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This document contains the questions asked and responses given by Dr. King during an interview with the Associated Press regarding SCLC's Operation Breadbasket. Operation Breadbasket was a program geared towards securing jobs and economic development in Negro communities. At the time of this interview, Operation Breadbasket had been in existence for five years in Atlanta and 15 months in Chicago with much success.
Thomas Henderson, president of Virginia Union University, instructs Reverend Wyatt T. Walker to provide Dr. King with the check from the office of Mr. C. C. Grant.
Dr. King quotes Henry Nelson Wieman’s article “Authority and the Normative Approach” in the Journal of Religion for a definition of the scientific method. He used this quote in his doctoral dissertation, “A Comparison of the Conceptions of God in the Thinking of Paul Tillich and Henry Nelson Wieman.”
This news bulletin created by the Nashville chapter of NAACP and the Davidson County Tennessee Independent Political Council implores African Americans to take action against police brutality and racial discrimination. To illustrate the point, the bulletin contains several pictures capturing police actions against student demonstrators. The article encourages the community's 30,000 unregistered Negro voters to "join the fight for freedom" by registering to vote, writing their Congressmen, and making their voices heard.
In this draft of Dr. King's article, "The Time for Freedom Has Come," he discusses the role of African American students in the Civil Rights Movement. He praises the commitment and determination of students and credits them with the desegregation of lunch counters. He also identifies with the students' frustration with the slowness of forward progress in the struggle for equality. The article was published in New York Times Magazine on September 10, 1961.
Abraham Ribicoff thanks Dr. King for his kind letter and expresses his contentment with the passing of the Civil Rights Bill. Ribicoff hopes for the progression of the nation in providing equal opportunities for all.
Carole requests that Ms. McDonald channels several correspondence to Dr. King from those who will participate in a Convention.
In this letter, Dr.Mays informs Ms.McDonald that it is imperative that Dr. King attends the annual board meeting,"since this is his first time being with us".
In this telegram to Mayor Allen of Atlanta, Dr. Bell protests the Dental Society. The Dental Society is scheduled to meet at the Municipal Auditorium on a segregated basis. Dr. Bell reminds Mayor Allen that the U.S. Supreme Court has ruled such segregation illegal.
This document features a royalty statement from Harper & Row, Publishers, for Dr. King's "Strength to Love."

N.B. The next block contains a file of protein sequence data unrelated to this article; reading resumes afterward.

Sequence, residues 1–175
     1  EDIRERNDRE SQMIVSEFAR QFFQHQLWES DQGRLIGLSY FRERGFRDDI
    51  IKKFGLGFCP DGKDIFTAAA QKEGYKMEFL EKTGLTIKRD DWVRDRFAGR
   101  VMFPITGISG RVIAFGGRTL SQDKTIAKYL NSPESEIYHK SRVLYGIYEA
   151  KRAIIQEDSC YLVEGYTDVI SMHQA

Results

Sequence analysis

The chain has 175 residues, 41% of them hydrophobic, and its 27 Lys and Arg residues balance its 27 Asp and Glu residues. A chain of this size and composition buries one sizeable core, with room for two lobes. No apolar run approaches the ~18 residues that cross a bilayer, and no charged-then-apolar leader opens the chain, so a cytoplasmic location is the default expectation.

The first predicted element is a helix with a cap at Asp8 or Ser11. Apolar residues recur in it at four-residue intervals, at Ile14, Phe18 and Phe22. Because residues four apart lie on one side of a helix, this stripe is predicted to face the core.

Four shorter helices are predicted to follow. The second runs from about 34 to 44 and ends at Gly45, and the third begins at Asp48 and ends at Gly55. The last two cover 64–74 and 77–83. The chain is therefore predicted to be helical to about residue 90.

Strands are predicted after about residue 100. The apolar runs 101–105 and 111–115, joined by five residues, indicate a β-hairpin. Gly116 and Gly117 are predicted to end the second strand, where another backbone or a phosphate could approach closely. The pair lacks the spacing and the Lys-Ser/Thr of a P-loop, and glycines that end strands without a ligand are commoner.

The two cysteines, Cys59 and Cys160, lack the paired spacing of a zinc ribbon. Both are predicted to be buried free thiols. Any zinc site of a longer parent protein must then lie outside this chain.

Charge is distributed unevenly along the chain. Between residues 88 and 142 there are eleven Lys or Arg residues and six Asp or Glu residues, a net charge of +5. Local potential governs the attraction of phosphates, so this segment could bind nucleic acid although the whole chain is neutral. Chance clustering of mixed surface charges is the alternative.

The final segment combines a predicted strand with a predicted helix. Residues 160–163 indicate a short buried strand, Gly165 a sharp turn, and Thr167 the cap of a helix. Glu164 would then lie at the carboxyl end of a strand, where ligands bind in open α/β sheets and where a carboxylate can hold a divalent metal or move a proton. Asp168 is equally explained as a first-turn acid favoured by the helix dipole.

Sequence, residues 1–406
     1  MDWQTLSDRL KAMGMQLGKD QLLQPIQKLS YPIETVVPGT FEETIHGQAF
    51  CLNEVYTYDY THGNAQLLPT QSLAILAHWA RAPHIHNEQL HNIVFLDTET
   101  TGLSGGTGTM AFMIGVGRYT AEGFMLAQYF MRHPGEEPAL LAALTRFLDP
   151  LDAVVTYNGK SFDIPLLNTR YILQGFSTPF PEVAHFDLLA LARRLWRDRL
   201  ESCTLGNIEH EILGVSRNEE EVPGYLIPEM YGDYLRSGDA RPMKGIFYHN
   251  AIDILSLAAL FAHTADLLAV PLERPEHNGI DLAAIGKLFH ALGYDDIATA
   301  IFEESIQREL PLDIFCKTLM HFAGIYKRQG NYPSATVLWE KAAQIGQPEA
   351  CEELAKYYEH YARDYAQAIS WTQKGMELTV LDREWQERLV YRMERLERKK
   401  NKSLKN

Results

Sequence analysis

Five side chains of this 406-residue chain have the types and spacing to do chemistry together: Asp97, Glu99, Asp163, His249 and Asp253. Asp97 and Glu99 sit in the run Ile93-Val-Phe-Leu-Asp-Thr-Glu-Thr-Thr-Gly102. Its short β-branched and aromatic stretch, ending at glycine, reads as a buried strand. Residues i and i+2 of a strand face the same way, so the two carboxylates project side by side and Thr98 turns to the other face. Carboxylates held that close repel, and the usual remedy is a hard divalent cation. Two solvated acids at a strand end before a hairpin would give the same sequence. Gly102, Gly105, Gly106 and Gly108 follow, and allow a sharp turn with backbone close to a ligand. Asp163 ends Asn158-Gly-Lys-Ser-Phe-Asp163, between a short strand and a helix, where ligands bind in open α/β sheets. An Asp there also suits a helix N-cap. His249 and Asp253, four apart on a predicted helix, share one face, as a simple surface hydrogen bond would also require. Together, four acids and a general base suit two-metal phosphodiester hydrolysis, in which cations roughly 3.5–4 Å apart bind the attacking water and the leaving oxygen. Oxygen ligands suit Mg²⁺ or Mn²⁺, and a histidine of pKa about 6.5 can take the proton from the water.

Dr. King regretfully declines a speaking invitation of the American Friends Service Committee. Mrs. Louis Andrews is informed Dr. King has already accepted the maximum allowable speaking engagements for the season.
Dr. King announces an agreement made with Pick-n-Pay Supermarkets that will open numerous jobs for the Negro community. The
Philip E. Jones, a SCOPE volunteer, recollects a "terrible night at Canton, Mississippi" where he met Dr. King and was assigned the duty to find Rev. Young. Jones invites Dr. King to speak about civil rights issues at Juniata College where he is enrolled.
The Usher Board of the Saint Luke Community Christian Church invites Dr. King to be a guest speaker at their church.
An anonymous individual conveys to Dr. King his frustrations with President Johnson and the Vietnam War.
This is a list of the organizations that contributed to the American Negro Leadership Conference on Africa.
Dr. King appreciates Rev. Calhoun's concern for the SCLC and the mission the organization has for the creating equality. Dr. King then explains how other programs offer contributions to the SCLC so that they may continue to engage in education, voter registration, economic development, and training of ministers for urban ministries.
Joe Cheru advises Dr. King to adopt a technique called "organized massive write-in." Using this method, he suggested that Dr. King could channel greater support from people who could not participate directly by being physically present for demonstrations.
Grace Graham, Chairman in the School of Education extends an invitation for Dr. King to give a series of lectures at several colleges in the Northwest. In addition to the University Oregon, other colleges include Montana State and Portland State.
Hildegard Goss-Mayr, Secretary for the International Fellowship of Reconciliation, invites Dr. King to speak at a conference in Brazil.